Lucas Smolcic Larson writes in the Island Packet about the views of teachers concerning the return to school.

The S.C. McClatchy newspapers asked educators if they felt ready to return to school during the coronavirus pandemic. Over 250 teachers, librarians, coaches and other educators from every corner of the state responded to the survey. The vast majority work at public schools, with about two-thirds reporting they will be required to teach students face-to-face starting this month or next.”

The teachers quoted are anonymous, for obvious reasons. Most are worried. Some are fearful.

Here are a few of the responses:

Lowcountry, more than 10 years. Everyone is confused, overwhelmed and plans are changing daily. Bottom line, I do not feel safe or valued.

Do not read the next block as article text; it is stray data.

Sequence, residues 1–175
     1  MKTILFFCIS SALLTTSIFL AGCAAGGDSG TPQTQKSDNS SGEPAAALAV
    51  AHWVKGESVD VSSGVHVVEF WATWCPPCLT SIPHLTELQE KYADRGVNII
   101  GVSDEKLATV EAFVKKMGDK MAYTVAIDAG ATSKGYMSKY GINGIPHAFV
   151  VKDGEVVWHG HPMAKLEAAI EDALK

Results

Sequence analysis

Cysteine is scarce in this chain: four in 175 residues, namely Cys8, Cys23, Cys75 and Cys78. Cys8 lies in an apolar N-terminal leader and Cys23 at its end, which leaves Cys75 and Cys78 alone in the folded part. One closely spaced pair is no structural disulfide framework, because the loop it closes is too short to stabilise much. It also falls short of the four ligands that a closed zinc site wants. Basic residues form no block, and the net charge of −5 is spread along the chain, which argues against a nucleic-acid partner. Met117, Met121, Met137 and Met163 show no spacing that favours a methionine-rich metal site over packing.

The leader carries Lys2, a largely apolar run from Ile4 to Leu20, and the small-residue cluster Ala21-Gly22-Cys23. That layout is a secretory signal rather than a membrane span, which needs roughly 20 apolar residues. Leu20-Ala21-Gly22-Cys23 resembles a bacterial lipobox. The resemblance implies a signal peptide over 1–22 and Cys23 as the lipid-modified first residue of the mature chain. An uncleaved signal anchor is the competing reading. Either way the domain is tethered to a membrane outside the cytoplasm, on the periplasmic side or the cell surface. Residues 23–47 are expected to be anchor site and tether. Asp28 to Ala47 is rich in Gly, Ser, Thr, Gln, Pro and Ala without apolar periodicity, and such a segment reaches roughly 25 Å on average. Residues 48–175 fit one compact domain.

Upstate, more than 10 years. My husband and I are both teachers. We have three young children. We updated our will last week. The stress and anxiety we are all feeling is affecting my entire family.

Midlands, 5-10 years. I expect to be exposed and possibly contract COVID. I am attempting to prepare my home and family if this occurs, and I have to quarantine … We have to look to our medical professionals as to how to handle this situation … They could not opt out of not going to work and neither can the educational professionals. Now is the time for us to step up, mask up and do our part to help our children.

Lowcountry, more than 10 years. It’s not a question of if there’s (going to be) an outbreak at school but WHEN. I feel like a pawn for the politicians and administrators. We teach so as to empower students in our classrooms, yet here we are totally dis-empowered as teachers. These cracks were evident before COVID-19, but the pandemic has widened them into canyons.